Most of the time, we will be using the DCV, continuity/diode test function, and resistance measurement. The only thing I ask is that when you report numbers from the multimeter, take careful note of the units and their prefixes.
(if not familiar with the prefixes, see this:
http://en.wikipedia.org/wiki/Metric_prefix)
Also, is your multimeter auto-ranging or manual-ranging?

Quote:
Originally Posted by grzesiek View Post
Is this sufficient for this project? If not what will I need? I'll get it.
Yes, a multimeter is more than enough for now. However, a soldering iron and solder will also become necessary sooner rather than later, especially if you have to remove components from the board to test/replace them. You don't really need a fancy soldering iron. 35 to 45W will do the job (although if you do have something better, that's always good). You may also want to get flux - both liquid and paste is fine, but I prefer paste since it doesn't dry and is easier to apply.

Quote:
Originally Posted by grzesiek View Post
Would this mean that the Resistor would/could be un-necessary?
Well, I'm sure the designers of this PSU put it there for a reason so it probably isn't unnecessary. However, the fact that the sample APFC circuit (page 9 on that URL) doesn't have one means that the value of that resistor can likely be "ball-parked".

Quote:
Originally Posted by grzesiek View Post
The Line voltage is 110V (house current 220V Split Phase). So I suspect I won’t be able to disable the Active Power Factor Control.
There is a way, but the mod is not very "neat". So I'll leave that for if all other methods fail.

Quote:
Originally Posted by grzesiek View Post
So, if my ignorance has not made you reconsider, How should I proceed?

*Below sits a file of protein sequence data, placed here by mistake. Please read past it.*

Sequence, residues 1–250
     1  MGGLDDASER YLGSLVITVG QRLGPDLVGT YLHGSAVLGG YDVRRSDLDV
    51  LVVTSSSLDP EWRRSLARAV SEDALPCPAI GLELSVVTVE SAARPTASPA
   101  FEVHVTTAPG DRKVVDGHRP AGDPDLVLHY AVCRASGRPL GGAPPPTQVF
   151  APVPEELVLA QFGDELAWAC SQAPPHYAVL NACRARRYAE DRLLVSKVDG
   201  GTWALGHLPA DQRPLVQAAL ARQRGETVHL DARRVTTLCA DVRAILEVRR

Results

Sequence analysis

You'll have to try harder to make me reconsider

With component failures on the primary (high voltage) side, I always start by checking the input section components first (with the power supply unplugged). However, to keep things simple, first check the voltage across that big brown 450V cap on the primary side. To do that, you will need to have the power supply plugged in to the wall (though not necessarily connected to the rest of the TV). Since the APFC circuit isn't working, you should get only about 160-170 V DC across that cap. If not, let me know.
Be careful, though - THIS IS THE HIGH VOLTAGE SIDE OF THE POWER SUPPLY. AVOID TOUCHING ANY COMPONENTS WITH YOUR BARE FINGERS! EVEN THE HEAT SINKS ARE ENERGIZED!
Also, when testing the power supply, make sure you do so on a non-metal and non-conductive surface. (I'm sure you know this already, but in case anyone else is reading that doesn't know. I saw a fellow tech once try to test a motherboard on a metal counter top and was wondering why it wouldn't power on. )

Last edited by momaka; 12-15-2012 at 03:44 PM..
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Old 12-15-2012, 04:32 PM   #13
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Default Re: Help with Bentek DMC BP-200AD Power Supply

Quote:
Originally Posted by momaka View Post
Also, is your multimeter auto-ranging or manual-ranging?
The meter is a GB Instruments GDT-11. Manual Ranging.

Quote:
Originally Posted by momaka View Post
Yes, a multimeter is more than enough for now. However, a soldering iron and solder will also become necessary sooner rather than later, especially if you have to remove components from the board to test/replace them. You don't really need a fancy soldering iron. 35 to 45W will do the job (although if you do have something better, that's always good). You may also want to get flux - both liquid and paste is fine, but I prefer paste since it doesn't dry and is easier to apply.